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EAA for Meade ETX 125

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9 replies to this topic

#1 Brian.J.

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Posted 05 August 2020 - 12:53 AM

Looking for recommendations for an EAA for my Meade ETX 125 (1900mm f/15) telescope. Was looking at the ZWO ASI290 or 462 WC, any thoughts on what would work best or better options ? Not stuck on the ZWO line. Have no idea on how to calculate best EAA specs for my telescope.

 

Appreciate any advise.



#2 GazingOli

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Posted 05 August 2020 - 01:39 AM

1. question: which of the two threads you opened do you wish to continue wink.gif

 

2. You sure you want to stick to that scope?

 

if so then check for a reducer and a camera with small pixels and highest sensitivity

 

CS.Oli


Edited by GazingOli, 05 August 2020 - 01:40 AM.


#3 chilldaddy

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Posted 05 August 2020 - 01:20 PM

Brian,

 

Check out this FOV calculator, https://astronomy.to...field_of_view/ 

 

Plug in your scope and try different camera/focal reducer combinations on various objects to get a good feel for what to expect.

 

You'll definitely want a focal reducer.  A long focal length and small FOV is a challenging way to start.  Consider larger sensor cameras if your budget allows and at least a F/6.3 reducer/flattener or a cheap .5X reducer to get started.

 

Greg


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#4 GSBass

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Posted 05 August 2020 - 02:21 PM

Here is the tool, it really helped me, put your numbers in and use different combinations, the 462 has 2.9 pixels https://astronomy.to...ccd_suitability

Looking for recommendations for an EAA for my Meade ETX 125 (1900mm f/15) telescope. Was looking at the ZWO ASI290 or 462 WC, any thoughts on what would work best or better options ? Not stuck on the ZWO line. Have no idea on how to calculate best EAA specs for my telescope.

 

Appreciate any advise.



#5 GSBass

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Posted 05 August 2020 - 04:02 PM

I’m using the qhy462 with a 7” mak, it’s 2700 f15, I chose the camera based on mathematics for ideal sensor size, the website above lets you input your data and show the results. In my case under good seeing my mak and sensor was a perfect match, however as you adjust the numbers for less than perfect seeing then you had to add a focal reducer to get back in the range of perfect. So I ordered a focal reducer to cover all my bases. I’m not going to be able to image really large stuff but there is a lot of small stuff to go after for us mak users, I’ve only imaged one night but I have a few Planet and moon captures if you want to search my post, the moon capture is full frame so you can see the narrow field of view at this fl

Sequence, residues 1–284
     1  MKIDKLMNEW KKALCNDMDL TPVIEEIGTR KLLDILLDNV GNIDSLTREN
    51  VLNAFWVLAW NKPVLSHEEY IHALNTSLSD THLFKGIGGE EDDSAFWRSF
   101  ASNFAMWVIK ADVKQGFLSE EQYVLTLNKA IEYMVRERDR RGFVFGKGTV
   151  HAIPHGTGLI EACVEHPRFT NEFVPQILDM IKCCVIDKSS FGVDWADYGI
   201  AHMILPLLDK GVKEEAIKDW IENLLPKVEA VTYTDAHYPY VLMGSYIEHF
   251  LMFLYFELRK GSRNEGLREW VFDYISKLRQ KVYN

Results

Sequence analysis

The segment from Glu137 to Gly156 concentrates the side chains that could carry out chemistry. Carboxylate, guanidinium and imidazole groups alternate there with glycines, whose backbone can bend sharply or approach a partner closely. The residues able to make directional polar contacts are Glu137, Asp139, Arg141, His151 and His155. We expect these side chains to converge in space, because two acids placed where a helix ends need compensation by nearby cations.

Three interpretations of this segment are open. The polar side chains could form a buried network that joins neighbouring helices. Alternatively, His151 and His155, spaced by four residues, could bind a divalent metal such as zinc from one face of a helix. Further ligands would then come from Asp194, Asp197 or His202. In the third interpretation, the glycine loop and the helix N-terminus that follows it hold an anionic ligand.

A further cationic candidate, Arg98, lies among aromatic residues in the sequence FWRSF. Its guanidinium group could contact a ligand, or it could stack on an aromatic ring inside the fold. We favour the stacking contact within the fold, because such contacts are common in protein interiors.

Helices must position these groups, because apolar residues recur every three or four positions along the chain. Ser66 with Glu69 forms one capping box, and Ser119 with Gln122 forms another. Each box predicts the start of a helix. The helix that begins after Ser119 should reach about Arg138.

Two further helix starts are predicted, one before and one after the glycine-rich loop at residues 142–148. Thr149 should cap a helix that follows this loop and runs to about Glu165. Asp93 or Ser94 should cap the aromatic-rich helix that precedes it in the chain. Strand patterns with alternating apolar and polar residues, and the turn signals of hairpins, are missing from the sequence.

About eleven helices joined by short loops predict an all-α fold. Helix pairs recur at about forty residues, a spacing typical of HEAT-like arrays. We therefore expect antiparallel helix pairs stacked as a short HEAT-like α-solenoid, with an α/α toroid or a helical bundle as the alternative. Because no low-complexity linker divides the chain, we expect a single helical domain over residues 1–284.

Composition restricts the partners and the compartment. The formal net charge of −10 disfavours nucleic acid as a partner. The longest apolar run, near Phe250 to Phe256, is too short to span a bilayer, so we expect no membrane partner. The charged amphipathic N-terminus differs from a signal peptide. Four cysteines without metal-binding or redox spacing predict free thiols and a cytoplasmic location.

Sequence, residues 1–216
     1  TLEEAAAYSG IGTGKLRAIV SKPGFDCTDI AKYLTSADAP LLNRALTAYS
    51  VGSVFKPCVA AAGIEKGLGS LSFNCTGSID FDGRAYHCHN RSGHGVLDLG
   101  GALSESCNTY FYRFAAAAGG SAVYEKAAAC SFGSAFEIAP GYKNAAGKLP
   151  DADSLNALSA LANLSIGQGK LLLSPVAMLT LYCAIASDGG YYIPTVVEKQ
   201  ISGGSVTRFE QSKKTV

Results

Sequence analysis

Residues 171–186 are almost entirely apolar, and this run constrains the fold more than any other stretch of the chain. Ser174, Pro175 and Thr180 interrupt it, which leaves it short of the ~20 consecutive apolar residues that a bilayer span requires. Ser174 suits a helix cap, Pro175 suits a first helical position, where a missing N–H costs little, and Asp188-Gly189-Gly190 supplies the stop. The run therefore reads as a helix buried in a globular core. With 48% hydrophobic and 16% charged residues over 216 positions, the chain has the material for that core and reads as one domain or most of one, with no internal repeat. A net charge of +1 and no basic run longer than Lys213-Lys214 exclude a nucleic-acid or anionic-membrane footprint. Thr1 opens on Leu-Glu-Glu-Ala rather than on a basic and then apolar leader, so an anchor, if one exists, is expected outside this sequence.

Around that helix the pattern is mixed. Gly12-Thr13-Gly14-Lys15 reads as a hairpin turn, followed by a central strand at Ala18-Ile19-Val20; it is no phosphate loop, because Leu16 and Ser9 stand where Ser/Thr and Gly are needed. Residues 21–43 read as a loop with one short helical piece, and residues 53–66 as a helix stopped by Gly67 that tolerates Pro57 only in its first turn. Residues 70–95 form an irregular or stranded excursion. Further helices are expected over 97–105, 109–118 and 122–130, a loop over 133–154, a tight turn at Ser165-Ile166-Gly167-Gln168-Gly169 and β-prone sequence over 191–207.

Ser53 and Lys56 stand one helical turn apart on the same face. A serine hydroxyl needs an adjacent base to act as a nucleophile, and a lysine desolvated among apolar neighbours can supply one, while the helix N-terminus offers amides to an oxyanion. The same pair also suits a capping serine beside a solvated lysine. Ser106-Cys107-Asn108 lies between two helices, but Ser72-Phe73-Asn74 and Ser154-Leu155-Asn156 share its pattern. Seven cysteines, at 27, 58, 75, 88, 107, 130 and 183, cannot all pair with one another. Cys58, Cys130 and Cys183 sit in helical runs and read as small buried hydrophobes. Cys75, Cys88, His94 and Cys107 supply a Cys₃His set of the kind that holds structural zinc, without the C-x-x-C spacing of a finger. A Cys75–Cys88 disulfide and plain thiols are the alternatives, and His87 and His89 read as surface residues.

#6 GazingOli

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Posted 05 August 2020 - 07:46 PM


a camera with small pixels and highest sensitivity

 

 

nonsense, of course - sorry. Big focal length needs big pixels... I mixed it up.

 

CS.Oli
 



#7 GSBass

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Posted 05 August 2020 - 08:15 PM

No you were right the first time, long fl = small pixels, at least when your talking prime focus on a f15 mak

nonsense, of course - sorry. Big focal length needs big pixels... I mixed it up.

 

CS.Oli
 


Edited by GSBass, 05 August 2020 - 08:18 PM.


#8 GazingOli

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Posted 05 August 2020 - 08:39 PM

don't they say that the image scale should be between 1 and 2 arcsec / pixel?

 

Image Scale = Pixel Size / Focal Length * 206

 

With 1900 mm focal length and 6.3 reducer you are roughly at 1200 mm focal length which requires 6 micron pixels to reach 1 arcsec per pixel...

 

I know that this is just theory and I am getting reasonable results with my C8 and 3.8 micron camera but I can see the difference when using a 6 micron camera and the 6.3 reducer.

 

This is M57 with C8 f/10 and ASI 224 camera:

 

M57.jpg

 

looks more pixelated than this one, also C8 at f/6.3 with Atik Infinity

 

M57InfinityCrop.jpg

 

CS.Oli


Edited by GazingOli, 05 August 2020 - 08:47 PM.


#9 GSBass

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Posted 05 August 2020 - 08:49 PM

I can’t express knowledge, I’m just using this tool https://astronomy.to...ccd_suitability

the results vary by what you input for seeing conditions


Edited by GSBass, 05 August 2020 - 08:50 PM.


#10 GSBass

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Posted 05 August 2020 - 09:08 PM

Running some numbers, it does appear for your example the recommended pixel size does go up as seeing quality goes down, I did buy my camera to give highest resolution in perfect seeing but this tool taught me I should use a focal reducer when seeing was lower, which is often of course but still works out good for me because my field of view is so small the focal reducer does make some object possible to fit on sensor, I’m just starting out with a .5 gso to experiment, gotta say though deep sky is secondary, on those rare nights when seeing is perfect I will be getting the highest resolution possible with the 7” and 462 combo at f15 prime focus on planets and moon, mathematically anyway


Edited by GSBass, 05 August 2020 - 09:09 PM.



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